Korean car manufacturer Kia is not a new player on the South African motoring scene: their 2.7-litre pick-ups and small SUV, the Sportage, has been especially popular since their local introduction. Even their larger SUV, the Sorento, and the Sedona MPV (previously known as the Carnival) has seen their share of popularity in their respective segments – not to mention the mid-sized Shuma – which makes the lack of interest in their smaller cars quite surprising. Their small Picanto is deemed an excellent choice by many people in the know, yet we don’t see many of them on our roads. Of Kia’s small-car range it is, however, the Rio that has been on the South African market the longest. The first variants to reach our shores were strange-looking cars than didn’t immediately create an impression of confidence and quality, but that is soon to be a thing of the past.

Late last year, Kia launched a brand new Rio in South Africa; a new range that comprises eight models with exactly the same engine. More engine choices are bound to follow, but for now we will have to make do with the 1.4-litre fuel injected engine. The new Rio is available in either hatchback or sedan, as standard or with a higher specification level, and with a five-speed manual or four-speed automatic gearbox. Of this range, it is the 1.4 Hatchback with higher specification level that is a nominee in the 2006 SA COTY contest. The Rio hatchback is aimed at people in their twenties and early thirties with its main selling points being its style, comfort, cabin space and excellent safety ratings – a definite competitor for cars like Renault’s immensely popular Clio, the Peugeot 206, Volkswagen Polo, and Honda Jazz, not excluding sibling rivalry with Hyundai’s Getz.

From the outside, the new Rio is considerably larger than its predecessor, especially its wheelbase. Exterior styling is more conservative, yet more in-line with current trends, and while it can’t be described as a looker, it remains a handsome car – especially in hatchback form. It has short front and rear overhangs and, with its larger wheelbase, should have class-leading cabin space. The general look and feel is chunky yet solid. Safety is a priority and the new Rio achieved five and four stars respectively in American and European safety tests. Fourteen-inch steel wheels with full covers sit inside pronounced wheel-arches that further add to the Rio’s cheeky looks.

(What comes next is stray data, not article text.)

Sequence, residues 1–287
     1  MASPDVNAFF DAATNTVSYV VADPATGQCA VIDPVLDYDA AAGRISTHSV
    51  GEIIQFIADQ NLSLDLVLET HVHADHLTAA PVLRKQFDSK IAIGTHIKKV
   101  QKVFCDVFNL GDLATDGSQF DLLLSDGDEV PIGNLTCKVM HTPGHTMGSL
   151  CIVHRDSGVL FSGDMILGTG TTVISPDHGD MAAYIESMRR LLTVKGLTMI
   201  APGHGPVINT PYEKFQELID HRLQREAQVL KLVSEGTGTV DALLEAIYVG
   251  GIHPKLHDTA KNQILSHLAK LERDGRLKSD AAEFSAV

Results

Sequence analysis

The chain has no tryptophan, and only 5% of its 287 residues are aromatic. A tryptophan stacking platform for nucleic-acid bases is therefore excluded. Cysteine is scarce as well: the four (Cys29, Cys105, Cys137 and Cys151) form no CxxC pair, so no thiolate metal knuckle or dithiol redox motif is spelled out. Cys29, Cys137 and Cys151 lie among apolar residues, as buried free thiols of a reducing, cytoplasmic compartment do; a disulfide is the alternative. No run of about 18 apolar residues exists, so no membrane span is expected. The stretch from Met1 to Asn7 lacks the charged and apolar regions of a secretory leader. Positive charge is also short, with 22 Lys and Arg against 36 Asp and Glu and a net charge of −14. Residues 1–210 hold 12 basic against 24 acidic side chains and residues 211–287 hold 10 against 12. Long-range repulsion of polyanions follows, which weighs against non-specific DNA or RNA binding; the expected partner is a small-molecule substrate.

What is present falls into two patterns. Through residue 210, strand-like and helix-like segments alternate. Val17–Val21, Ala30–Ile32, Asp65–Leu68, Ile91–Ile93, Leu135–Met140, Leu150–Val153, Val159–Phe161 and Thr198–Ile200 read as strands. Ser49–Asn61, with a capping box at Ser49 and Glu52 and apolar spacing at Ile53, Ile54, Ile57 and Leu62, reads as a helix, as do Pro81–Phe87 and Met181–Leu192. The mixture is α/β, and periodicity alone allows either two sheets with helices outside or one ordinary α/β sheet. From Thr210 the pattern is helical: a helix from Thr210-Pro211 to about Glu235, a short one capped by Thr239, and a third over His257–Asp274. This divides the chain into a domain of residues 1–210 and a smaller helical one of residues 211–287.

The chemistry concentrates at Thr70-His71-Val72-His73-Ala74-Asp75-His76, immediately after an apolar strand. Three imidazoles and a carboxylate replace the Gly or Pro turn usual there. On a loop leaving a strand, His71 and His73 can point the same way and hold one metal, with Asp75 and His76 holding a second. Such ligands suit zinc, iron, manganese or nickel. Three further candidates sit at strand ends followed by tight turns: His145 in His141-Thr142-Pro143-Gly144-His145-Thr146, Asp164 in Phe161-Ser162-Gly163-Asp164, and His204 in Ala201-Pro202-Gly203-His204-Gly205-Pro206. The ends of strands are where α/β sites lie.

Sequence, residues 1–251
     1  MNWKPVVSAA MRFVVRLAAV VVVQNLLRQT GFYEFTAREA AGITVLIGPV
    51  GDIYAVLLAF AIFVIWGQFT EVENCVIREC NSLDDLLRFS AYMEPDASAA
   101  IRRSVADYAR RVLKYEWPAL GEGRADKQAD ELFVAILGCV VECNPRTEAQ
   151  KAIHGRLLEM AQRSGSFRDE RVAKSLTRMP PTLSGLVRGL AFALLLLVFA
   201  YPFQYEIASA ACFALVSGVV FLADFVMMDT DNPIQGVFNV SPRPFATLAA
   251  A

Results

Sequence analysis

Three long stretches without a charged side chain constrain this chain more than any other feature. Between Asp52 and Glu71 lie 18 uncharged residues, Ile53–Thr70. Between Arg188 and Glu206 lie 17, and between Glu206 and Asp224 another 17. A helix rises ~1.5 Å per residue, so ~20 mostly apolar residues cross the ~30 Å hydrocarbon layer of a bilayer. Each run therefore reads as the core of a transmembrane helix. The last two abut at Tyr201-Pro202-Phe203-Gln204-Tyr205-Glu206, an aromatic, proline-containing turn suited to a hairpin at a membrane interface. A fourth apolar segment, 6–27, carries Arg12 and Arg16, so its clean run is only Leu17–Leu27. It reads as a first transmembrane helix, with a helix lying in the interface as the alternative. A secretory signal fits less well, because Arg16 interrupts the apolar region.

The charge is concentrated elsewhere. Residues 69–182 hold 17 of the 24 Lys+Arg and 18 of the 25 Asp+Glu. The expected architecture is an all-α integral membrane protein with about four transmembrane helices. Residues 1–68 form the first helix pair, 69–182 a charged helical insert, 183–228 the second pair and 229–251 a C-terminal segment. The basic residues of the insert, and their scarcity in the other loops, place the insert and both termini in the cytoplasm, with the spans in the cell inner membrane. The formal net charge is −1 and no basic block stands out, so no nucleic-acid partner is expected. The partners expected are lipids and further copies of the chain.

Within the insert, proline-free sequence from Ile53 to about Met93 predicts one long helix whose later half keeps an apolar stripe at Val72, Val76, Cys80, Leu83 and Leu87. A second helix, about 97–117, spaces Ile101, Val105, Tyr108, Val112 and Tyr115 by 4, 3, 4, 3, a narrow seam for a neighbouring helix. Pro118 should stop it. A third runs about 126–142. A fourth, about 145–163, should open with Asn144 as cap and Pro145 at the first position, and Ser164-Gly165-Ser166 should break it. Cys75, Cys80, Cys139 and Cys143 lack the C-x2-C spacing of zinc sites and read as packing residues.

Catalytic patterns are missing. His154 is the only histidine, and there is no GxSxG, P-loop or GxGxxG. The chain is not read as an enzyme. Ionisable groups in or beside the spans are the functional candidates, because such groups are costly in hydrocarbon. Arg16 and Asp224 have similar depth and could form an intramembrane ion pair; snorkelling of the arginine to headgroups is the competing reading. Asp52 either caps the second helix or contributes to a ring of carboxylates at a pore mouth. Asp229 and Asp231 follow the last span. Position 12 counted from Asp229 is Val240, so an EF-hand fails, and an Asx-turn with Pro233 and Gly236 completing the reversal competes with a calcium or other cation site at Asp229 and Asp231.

The Rio’s 1.4-litre engine produces 70kW of power and 127Nm of torque, and reaches 100km/h in 12,3 seconds with a top speed of 177km/h (in manual guise). Fuel consumption is a claimed 7,2 litres per 100km’s, and Kia claims that it will improve to about 5,6 litres in a normal urban cycle. The new Rio shines when driven though, with a good turn-in and minimal body roll, although some testers have complained that the steering isn’t very communicative and the ride a little bouncy on bad roads. Standard features on the high-spec models include air-conditioning, power windows, power steering, an immobilizer, central door locking, anti-lock brakes, central locking for the front windows, rear fog lights, front airbags and a radio/CD audio system. Both the steering wheel and driver’s seat cushion are height adjustable.

With the new Rio, Kia has upped its game considerably in South Africa. Their products have evolved, matured and improved in many areas and with current sales of roughly 1 500 units per month, the new Rio is bound to notably improve this figure. Prices range from R119 995 for the manual and R129 995 for the automatic, and include a three-year or 100 000km warranty, a three-year or 60 000km service plan and three years of roadside assistance. Whether it has what it takes against its competitors is an open question, but one has to commend Kia for taking up the challenge.

Renault’s Clio is still selling very well, and when Clio 3 arrives I suspect it will create a whole new following for the marquee. Peugeot’s 206 is also aging but remains popular, but not as popular as Citroën’s funky C2. The Honda Jazz is the best car in its segment for a second year running, but lacks in popularity when compared to the Volkswagen Polo (a previous COTY winner), the Opel Corsa and Ford Fiesta. And let us not forget about Toyota’s funky new Yaris, a car that is also nominated for the 2006 title.

These cars are not quite entry-level anymore, but do fall in a segment of the market where a large number of cars are sold every month. The Rio is an affordable and worthy alternative to many of the cars listed above, but I can’t help thinking that it remains slightly inferior to them – even if it is only in terms of brand perception.

And brand perception unfortunately plays a huge role when buying a car. With a diverse and just plain odd selection of nominees for the title, the Rio was a surprise for many people. Technicalities aside though, I believe the Rio is a worthy contender after all. A vast improvement over its predecessors, it does however have an uphill battle to fight, and it remains to be seen whether it will come out tops.

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